We will continue to see posts of Modi-haters complaining about how this 'demonetization' is 'Modi's demonization of India' while the rival camp will gloat about how much this helped our economy. 
Most people, however, will say this should have been done with minimal discomfort. Sure, this attitude is exactly why generations of politicians and businessmen have managed to siphon off trillions of dollars right underneath our noses and out of the economy. We'd prefer that our lives are as pain-free as possible. This is exactly why we are still a developing nation almost 20 years behind countries like Singapore and Japan. 

It wasn't like he didn't say he was going to go tough on black-marketers. Modi promises more such changes to mop up every illegal rupee you earned, and seeing as he has delivered so far, it will bode well that you follow instructions and surrender because unlike in the US, he is here for the long haul. Ain't no term-limit here, Sahib.

Circa 2016
United States of America : Split wide open at the center because their citizens got fed up with politicians who thought they could get away with anything. Decades of white supremacy rhetoric has finally yielded its rich crop of hate. Fu@k 'Em!

India: A Hindu nation with a visionary head of government who wants to single-handedly gallop, hoping to change the way the rest of us behave and think. The only problem is  - He is trying to do in 5 years what Gandhi took decades to do. It will take us a few generations to change but we will get here. Damned if you do, damned if you don't.

Yes, with some exceptions we are possibly the only species who can think intelligently, speak rationally and still manage to bastardize the system.

Monday, November 14, 2016

Happy Birthday, Daddy!

I can't remember too many important dates, but November 14th is always important to me.
Today is his 74th birthday.

Like a seasoned veteran, he had his routines. 
He would wake up at the crack of dawn, wait for mom to make him a cup of coffee and then get ready for the day ahead.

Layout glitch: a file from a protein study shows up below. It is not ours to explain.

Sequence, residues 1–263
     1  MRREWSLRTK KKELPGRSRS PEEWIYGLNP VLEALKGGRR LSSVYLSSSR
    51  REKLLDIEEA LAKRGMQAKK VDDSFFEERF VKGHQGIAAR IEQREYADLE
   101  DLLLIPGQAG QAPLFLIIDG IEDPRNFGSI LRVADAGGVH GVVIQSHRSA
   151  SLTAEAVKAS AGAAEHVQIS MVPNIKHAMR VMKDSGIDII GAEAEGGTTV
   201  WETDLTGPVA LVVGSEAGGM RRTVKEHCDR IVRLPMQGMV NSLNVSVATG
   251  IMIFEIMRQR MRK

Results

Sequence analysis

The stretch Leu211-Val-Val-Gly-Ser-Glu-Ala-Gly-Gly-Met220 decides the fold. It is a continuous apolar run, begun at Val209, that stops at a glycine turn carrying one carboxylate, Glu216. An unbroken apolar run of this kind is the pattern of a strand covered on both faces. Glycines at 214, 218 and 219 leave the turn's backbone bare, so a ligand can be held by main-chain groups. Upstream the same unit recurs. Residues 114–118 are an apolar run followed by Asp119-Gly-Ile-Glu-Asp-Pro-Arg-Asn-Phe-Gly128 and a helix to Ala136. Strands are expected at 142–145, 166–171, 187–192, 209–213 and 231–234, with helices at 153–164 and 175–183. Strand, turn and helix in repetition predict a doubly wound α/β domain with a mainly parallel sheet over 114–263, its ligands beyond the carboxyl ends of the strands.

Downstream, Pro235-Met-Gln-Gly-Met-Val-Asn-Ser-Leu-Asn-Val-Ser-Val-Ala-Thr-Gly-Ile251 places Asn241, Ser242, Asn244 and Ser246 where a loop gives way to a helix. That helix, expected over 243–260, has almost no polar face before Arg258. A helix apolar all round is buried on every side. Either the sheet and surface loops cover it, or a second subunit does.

I still remember how he would talk to me, sit at the table reading his bible or the newspaper, sit on his stool at the verandah in the evenings, or watch the telly with mum. I still remember how petrified I would be if I stayed up late when he would get up and stand at the door with the look that can melt cheese or the joy on his face when I come in and how he would come and wake me up at 9 am. He always wanted me to wake up late since I was 'on vacation'. I still remember the endless jokes he used to crack and the fun and sober times we had together. 
He was the life of every wedding party in the family and never let his circumstances cow him down. I also remember how upset I would be when he scolded me and how I used to never want to return. Yet, I would. I couldn't stay away from him for too long. We loved each other more than just as a father and son.
He would take me out to the beach and we would just sit there and speak in silence. Nothing had to be spoken. He already knew everything in my life. 
He had his regrets but never voiced them out once.

He passed on, 10 years ago. 
But if he was here, he would've still followed his ritualized routine and celebrated his birthday fielding calls from all his friends and family. 
He always wanted to live a complete life with his wife, traveling and exploring. Cyprus and Israel were at the top of his wishlist.
He would have taught me fishing and we would've gone on lots of fun road trips together. He was an incredible driver and was very proud of my driving. But more importantly, he would've wanted all of us by his side on this day.